There is full disk encryption or BIOS set password that would block reboot, but again, is the eternal struggle of security agains convenience…

      1. Well when it comes right down to it, attacker has physical access to machine… game over, you’ve lost. All you’re really preventing is skiddie level BS.

        If you want to get ridiculously sophisticated and targetted, there’d be attack vectors like endoscope type equipment for finding the CMOS reset, or could install SATA interposers that report on all traffic, or PLCC sockets that clip over the legacy KB/IO chip and transmit everything, or inject stuff. Hell, BT chips are small enough now you could pry off the plastic motherboard pin header shell and put a replacement back on that has a BT device inside it, so even regular visual inspection of the machine would not clue you in. You can probably hide quite a sophisticated device in something that looks like a clip on ferrite suppressor.

        If this sounds too “James Bond” remember classic JB gadgets were the limit of technological conceivability in the 70s and 80s, presented as the work of an agency with a huge black budget for such stuff. This was the time that the computing capability of a Pi Zero cost several million dollars. Hello, McFly, it’s 2016.

      2. and this, not totally true. Initrd can load udev rules, to avoid “pre-kernel” exploitation
        https://wiki.archlinux.org/index.php/Mkinitcpio

        You can go as far as it takes to prevent thus usb exploitation and MAYBE boot based atacks(aka Evil Maid Attacks)

        – UEFI Secure Boot
        – Also denying boot of BIOS/MBR based pendrives.
        – Full disk Encryption(letting only EFI partition unencrypted).
        – Sign your grub efi BOOTx64.efi with your own keys(remember that the kernel is inside your encrypted partition)
        – Revoke Microsoft keys on UEFI configuration.
        – Hide UEFI variables after control is passed to the kernel.
        – Password on UEFI

        People will find a way to break it, if they have physical access. Or maybe, the user will just buy vPro(SME) enabled processors and let the corporates spy on you, cause hackers wearing suits are always the coolest ;)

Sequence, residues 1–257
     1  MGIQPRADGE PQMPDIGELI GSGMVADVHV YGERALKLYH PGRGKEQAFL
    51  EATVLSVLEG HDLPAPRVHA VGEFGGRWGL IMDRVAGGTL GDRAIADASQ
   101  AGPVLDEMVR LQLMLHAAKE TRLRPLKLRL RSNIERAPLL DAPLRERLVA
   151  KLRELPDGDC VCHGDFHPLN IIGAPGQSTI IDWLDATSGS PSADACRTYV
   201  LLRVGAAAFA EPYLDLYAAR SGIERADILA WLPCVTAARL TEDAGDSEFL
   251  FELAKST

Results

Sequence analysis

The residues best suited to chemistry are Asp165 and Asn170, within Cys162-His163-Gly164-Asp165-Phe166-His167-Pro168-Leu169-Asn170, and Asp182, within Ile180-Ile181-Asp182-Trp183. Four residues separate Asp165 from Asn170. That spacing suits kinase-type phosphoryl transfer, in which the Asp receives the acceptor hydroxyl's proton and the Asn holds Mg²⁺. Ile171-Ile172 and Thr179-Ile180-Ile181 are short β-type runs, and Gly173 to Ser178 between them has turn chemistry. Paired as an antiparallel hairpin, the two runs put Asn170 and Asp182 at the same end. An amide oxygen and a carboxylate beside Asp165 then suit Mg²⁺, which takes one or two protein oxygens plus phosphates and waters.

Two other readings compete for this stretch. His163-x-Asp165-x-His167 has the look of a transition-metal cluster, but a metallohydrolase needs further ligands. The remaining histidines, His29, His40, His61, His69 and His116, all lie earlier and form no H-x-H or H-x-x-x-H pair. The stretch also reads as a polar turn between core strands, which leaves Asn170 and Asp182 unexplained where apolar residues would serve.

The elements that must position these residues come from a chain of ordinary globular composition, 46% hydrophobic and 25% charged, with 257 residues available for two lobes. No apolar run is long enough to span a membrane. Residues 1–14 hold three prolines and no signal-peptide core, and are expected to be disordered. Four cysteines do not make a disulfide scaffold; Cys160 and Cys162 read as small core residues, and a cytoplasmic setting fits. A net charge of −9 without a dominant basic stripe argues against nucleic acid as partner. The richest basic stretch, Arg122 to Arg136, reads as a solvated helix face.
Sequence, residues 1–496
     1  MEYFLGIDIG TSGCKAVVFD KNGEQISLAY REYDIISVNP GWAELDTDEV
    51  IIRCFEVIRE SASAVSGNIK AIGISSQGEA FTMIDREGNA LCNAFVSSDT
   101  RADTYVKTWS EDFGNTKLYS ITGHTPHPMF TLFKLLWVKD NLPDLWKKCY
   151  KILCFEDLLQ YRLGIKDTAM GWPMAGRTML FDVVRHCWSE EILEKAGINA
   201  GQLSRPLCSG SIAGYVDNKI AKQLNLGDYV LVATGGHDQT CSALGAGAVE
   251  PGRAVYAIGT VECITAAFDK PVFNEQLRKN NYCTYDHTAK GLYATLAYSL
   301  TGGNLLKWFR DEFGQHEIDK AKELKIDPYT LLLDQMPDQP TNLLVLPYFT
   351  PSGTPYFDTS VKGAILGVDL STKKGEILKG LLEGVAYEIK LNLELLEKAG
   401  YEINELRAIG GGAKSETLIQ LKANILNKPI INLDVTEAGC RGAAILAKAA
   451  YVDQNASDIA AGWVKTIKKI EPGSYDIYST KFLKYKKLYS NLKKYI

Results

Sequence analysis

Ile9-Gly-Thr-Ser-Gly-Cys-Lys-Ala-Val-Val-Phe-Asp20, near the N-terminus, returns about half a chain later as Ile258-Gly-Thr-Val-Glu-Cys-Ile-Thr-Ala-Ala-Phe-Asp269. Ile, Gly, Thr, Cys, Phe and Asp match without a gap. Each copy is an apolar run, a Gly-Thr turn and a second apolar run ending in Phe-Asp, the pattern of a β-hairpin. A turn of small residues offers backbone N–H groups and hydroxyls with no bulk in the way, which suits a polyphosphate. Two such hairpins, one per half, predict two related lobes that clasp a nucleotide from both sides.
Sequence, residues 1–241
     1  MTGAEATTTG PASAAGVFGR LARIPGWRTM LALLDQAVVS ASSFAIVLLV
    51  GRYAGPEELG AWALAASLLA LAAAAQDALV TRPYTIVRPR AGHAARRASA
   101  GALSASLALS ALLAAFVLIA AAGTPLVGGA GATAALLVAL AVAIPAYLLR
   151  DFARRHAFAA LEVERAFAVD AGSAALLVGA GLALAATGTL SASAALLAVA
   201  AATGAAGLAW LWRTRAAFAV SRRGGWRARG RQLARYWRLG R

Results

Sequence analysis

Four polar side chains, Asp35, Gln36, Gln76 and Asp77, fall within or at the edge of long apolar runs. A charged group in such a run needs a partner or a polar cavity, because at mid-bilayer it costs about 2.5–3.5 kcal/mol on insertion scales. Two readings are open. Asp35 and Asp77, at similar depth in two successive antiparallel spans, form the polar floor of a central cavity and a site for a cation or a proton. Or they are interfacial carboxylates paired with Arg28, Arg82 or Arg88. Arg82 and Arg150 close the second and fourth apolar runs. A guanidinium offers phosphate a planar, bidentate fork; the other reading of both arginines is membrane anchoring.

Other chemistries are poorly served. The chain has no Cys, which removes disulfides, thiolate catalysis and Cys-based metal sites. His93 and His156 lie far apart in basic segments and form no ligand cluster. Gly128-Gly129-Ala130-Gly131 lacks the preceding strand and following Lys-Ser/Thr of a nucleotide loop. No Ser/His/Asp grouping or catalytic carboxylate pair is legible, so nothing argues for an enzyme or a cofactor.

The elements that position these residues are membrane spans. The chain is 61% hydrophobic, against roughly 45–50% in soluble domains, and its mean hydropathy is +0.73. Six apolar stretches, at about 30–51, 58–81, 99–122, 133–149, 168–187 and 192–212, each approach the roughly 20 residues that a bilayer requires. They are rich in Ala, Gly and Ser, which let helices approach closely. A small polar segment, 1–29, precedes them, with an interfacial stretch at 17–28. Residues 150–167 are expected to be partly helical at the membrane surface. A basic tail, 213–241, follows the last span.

So STOP creating more and more scenarios. We all know where this security circle will get if you implement all the available mitigations.

  3. That’s why i use linux-grsec on my Arch Linux
    https://git.archlinux.org/svntogit/community.git/tree/trunk/config?h=packages/linux-grsec

    Hardened Gentoo guys have a good documentation about it:
    https://wiki.gentoo.org/wiki/Allow_only_known_usb_devices

    Security options —>
    Grsecurity —>
    [*] Grsecurity
    Customize Configuration —>
    Physical Protections —>
    [*] Deny new USB connections after toggle
    [ ] Reject all USB devices not connected at boot

    GRKERNSEC_DENYUSB
    Related sysctl variables:

    kernel.grsecurity.deny_new_usb

    If you say Y here, a new sysctl option with name “deny_new_usb”
    will be created. Setting its value to 1 will prevent any new
    USB devices from being recognized by the OS. Any attempted USB
    device insertion will be logged. This option is intended to be
    used against custom USB devices designed to exploit vulnerabilities
    in various USB device drivers.

    For greatest effectiveness, this sysctl should be set after any
    relevant init scripts. This option is safe to enable in distros
    as each user can choose whether or not to toggle the sysctl.

  4. Unintended consequences # whatever, I’m not keeping count….

    Your user who has a terrible memory for passwords finds his mooltipass or similar no longer works, and goes back to using password1, password2, football, swordfish, pa55w0rd, etc etc,

    1. Hey RW, thats a good point. As of right now, I just updated it such that it works with tools like LastPass, Breevy, KeePass or other similar software solutions that AutoType passwords (so that they don’t get caught like false positives). I’d have to look a bit deeper into Hardware solutions such as Mooltipass. :)

  5. Instead of skipping every x keystrokes, why not only recognize one keystroke every x milliseconds. that way a human typist will not see any difference. Then again, skid kystrkes culd b entrtainin. (if you never spell check, but who does that?)